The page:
By Allison Eatough
A bamboo maze, rows of sweet-smelling peppermint, a tree house with soaring views or giant sunflowers towering overhead, children’s gardens are hard to resist at any age.
Garden’s catering to children have become more and more popular over the past two decades according to David Ellis, editor and director of communications for the American Horticultural Society. Research shows the more children interact with nature and the outdoors, the better their physical and mental health is, Ellis says.
“I think one reason children’s gardens are so popular is that they offer children an early opportunity to become engaged with nature and outdoor activities,” Ellis says.
Children’s gardens also boost an arboretum or garden center’s visitation, says Steven Cohan, professor in the Department of Plant Science and Landscape Architecture at the University of Maryland College Park. When The Morton Arboretum in Illinois added a children’s garden, membership doubled, Cohan says.
“Everyone is looking for something for the kids, particularly to get them outdoors,” Cohan says.
Educational children’s gardens
Last summer, the Meinsler family of Odenton visited Brookside Gardens, a display garden in Montgomery County that Sara Meinsler says was both educational and interactive.
“My entire family, including my picky 9-year-old, thoroughly enjoyed our time spent there,” Meinsler says.
All of the flowers and trees were well marked with educational signs explaining the plants, she says. But the exhibit Samuel, 9, Camden, 7, and Claire, 3, enjoyed the most? Brookside’s Wings of Fancy butterfly exhibit, which features hundreds of live butterflies.
“Their beauty and delicacy were fascinating,” Meinsler says. “The priceless part of the entire experience was watching the children react to the butterflies.”
Just throwing some playground equipment in the middle of some shrubs and calling the space a “children’s garden” is not enough to ensure success, Cohan says.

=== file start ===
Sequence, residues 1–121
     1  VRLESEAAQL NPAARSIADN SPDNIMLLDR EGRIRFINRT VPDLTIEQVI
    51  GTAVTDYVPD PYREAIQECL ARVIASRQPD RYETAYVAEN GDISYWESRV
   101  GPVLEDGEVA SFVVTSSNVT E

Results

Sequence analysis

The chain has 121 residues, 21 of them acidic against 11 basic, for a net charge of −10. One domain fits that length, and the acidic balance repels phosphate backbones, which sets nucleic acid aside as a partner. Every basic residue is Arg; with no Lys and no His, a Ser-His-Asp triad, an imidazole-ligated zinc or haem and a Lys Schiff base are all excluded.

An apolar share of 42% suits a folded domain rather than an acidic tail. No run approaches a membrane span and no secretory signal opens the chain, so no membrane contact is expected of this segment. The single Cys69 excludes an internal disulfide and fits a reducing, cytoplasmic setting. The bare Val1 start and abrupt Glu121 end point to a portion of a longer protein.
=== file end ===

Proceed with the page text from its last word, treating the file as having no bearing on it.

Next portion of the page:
“There should be some component that not only entertains a child in an outdoor experience but also educates,” he says. “Discovery and interaction are essential.”
Six gardens to visit with kids
Originally published 2013; updated May 2017
If exploring nature is part of your family’s spring and summer plans, check out the following children’s gardens, all within a few hours of Annapolis.
Address: 5105 Kennett Pike, Wilmington, Del., 19807.
Hours and Admission: Museum and garden open Tuesday through Sunday from 10 a.m. to 5 p.m. It is closed on Mondays. General admission tickets cost $5 for children ages 2 to 11 and $20 for adults. Free admission for children younger than 2.
With their first step into the Enchanted Woods at Winterthur (pronounced “winter-tour”) Museum, Garden and Library, children are transported into a magical landscape. The 3-acre plot is surrounded by a canopy of oak trees and home to a group of (imaginary) woodland fairies. These fairies welcome visitors throughout the spring and summer to places like the Tulip Tree House and the Faerie Cottage. Enchanted Woods also houses a Fairy Flower Labyrinth, a special walking and thinking pathway, and the Acorn Tearoom, where children hold their own tea party while finding acorn and oak leaf decorations carved into the table. There’s even a Troll Bridge.
Collector and horticulturist Henry Francis du Pont opened Winterthur, his childhood home, to the public almost 60 years ago. In addition to Enchanted Woods, the 1,000-acre estate includes a massive garden filled with colorful blooms, a library dedicated to American decorative arts and a museum showing the du Pont family house, as well as furniture, textile, ceramic, print and painting exhibits.
Address: 12610 Eveland Road, Ridgley, 21660.
Hours and admission: The arboretum’s visitor center is open Tuesday through Saturday from 10 a.m. to 4 p.m. and Sunday from noon to 4 p.m. Grounds are open daily from dawn to dusk. Admission is $2 for children ages 6-18 and $5 for adults. Children under 5 years old are free.